MEETING & DISCUSSION
Teachings of G. I. Gurdjieff
Thursday, June 30th, 6:30 - 8:00
Carnegie Library of Pittsburgh, East Liberty
2nd Floor Meeting Room
130 Whitfield Street
Pittsburgh, PA 15206
Discussion: "Where Our Attention Is"
I wish to be conscious of myself. Yet, as I am at this moment, can I
know myself, can I be conscious of myself? I cannot. I am too scattered.
I feel nothing. But I see that I am asleep, and I see the symptoms of
this sleep. I have forgotten the sense of my existence, I have forgotten
myself. And at this moment I receive a shock: I am awaking, I want to
wake up. Then, having scarcely felt the shock, I feel myself taken
again, held back by the elements of my sleep—associations that turn
around, emotions that take me, unconscious sensations. I feel myself
fall back into forgetfulness.
We do not realize how passive we are, always pulled along by events,
people and things. We begin an activity with great interest, fully aware
of our aim. But after a certain time the impulse weakens, overcome by
inertia. Our understanding diminishes, and we feel the need for
something new that will restore the interest, the life. Our inner work
progresses like this in stages, and always depends on new forces. It is
determined by laws. We must get rid of the idea that progress is
continuous in a straight line. There are stages where the intensity
diminishes and, if we wish not to fall back, a force must appear that is
The passive “man” in us, the only one we know, is the one we trust.
But as long as we remain passive, nothing new can appear. We must become
active in relation to our inertia, the passive work of our functions.
If we wish to change, we must look for the new “man” in ourselves, the
one who is hidden. This is the one who remembers, who has a force that
can only be brought by our wish, our will, and must grow degree by
degree. It is necessary to see that a more active state, a greater
intensity, is possible.
I need to recognize that in my usual state my attention is undivided.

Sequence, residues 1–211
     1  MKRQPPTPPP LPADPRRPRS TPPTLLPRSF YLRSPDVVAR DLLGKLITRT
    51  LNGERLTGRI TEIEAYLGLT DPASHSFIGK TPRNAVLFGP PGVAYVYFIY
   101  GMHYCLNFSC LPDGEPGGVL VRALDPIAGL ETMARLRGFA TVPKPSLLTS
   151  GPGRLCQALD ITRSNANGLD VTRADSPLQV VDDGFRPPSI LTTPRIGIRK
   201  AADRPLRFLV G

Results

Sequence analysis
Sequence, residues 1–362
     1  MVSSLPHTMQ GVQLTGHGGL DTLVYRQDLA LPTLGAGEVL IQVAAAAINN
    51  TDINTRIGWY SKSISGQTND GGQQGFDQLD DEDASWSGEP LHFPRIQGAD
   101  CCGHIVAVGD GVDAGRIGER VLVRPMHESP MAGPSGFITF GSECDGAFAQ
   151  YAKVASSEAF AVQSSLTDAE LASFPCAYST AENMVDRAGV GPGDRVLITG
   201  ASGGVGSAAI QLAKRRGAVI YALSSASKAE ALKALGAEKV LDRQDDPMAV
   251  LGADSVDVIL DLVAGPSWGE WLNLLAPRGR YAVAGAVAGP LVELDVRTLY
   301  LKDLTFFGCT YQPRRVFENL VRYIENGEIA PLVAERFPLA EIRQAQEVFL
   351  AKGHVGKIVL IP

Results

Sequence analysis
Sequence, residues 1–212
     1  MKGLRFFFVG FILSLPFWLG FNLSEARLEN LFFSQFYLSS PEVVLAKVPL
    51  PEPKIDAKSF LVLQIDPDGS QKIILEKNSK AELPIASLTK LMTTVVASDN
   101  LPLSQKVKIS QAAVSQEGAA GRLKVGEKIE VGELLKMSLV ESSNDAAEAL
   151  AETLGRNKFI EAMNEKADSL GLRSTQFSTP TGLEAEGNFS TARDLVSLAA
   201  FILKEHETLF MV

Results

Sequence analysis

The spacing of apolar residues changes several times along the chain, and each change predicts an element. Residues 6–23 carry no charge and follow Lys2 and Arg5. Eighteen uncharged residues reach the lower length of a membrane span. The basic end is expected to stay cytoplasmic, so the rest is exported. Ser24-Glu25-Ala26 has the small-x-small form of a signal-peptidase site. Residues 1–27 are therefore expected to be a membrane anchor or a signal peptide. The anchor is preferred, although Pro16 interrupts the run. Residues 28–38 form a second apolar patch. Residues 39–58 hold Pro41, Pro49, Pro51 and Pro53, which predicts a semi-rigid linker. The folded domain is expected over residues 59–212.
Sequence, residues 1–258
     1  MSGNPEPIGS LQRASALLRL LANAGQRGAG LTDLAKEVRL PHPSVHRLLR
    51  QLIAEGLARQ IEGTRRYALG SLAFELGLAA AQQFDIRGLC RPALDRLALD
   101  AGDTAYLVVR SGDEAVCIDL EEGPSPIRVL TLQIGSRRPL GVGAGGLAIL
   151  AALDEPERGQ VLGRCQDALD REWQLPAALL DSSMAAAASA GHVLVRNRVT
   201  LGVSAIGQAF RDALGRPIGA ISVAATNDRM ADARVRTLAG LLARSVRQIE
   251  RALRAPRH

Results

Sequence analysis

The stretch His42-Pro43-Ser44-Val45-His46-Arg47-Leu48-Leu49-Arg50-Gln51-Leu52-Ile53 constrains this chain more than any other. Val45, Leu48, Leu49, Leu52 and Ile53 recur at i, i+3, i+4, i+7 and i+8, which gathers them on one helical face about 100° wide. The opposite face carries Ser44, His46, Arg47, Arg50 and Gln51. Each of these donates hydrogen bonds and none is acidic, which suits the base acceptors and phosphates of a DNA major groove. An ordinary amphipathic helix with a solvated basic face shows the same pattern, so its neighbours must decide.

When I open to the outside, I am naturally interested in it. My
attention goes there. I cannot prevent myself. If my force of attention
is entirely taken, I am lost in life, identified, asleep. All my
capacity to be present is lost. I lose myself, the feeling of myself. My
existence loses its meaning. So, the first step is a separation in
which my attention is divided.
Our effort must always be clear—to be present, that is, to begin to
remember myself. With the attention divided, I am present in two
directions, as present as I can be. My attention is engaged in two
opposite directions, and I am at the center. This is the act of
self-remembering. I wish to keep part of my attention on the awareness
of belonging to a higher level and, under this influence, try to open to
the outer world. I must make an effort to remain related, an effort of
attention. I try to know truly what I am. I struggle to stay present, at
the same time with a feeling of “I” turned toward a better quality and
with an ordinary feeling tied to my self, my person. I wish to see and
not forget that I belong to these two levels.
We must see where our attention is. Where is our attention when we
remember ourselves? Where is our attention in life? Order can be born in
us only if we enter into direct contact with disorder. We are not in
the disorder. We are the state of disorder. If I look at what I really
am, I see the disorder. And where there is a direct contact, there is an
immediate action. I begin to realize that my Presence is where my
- Madame De Salzmann, "The Reality of Being"
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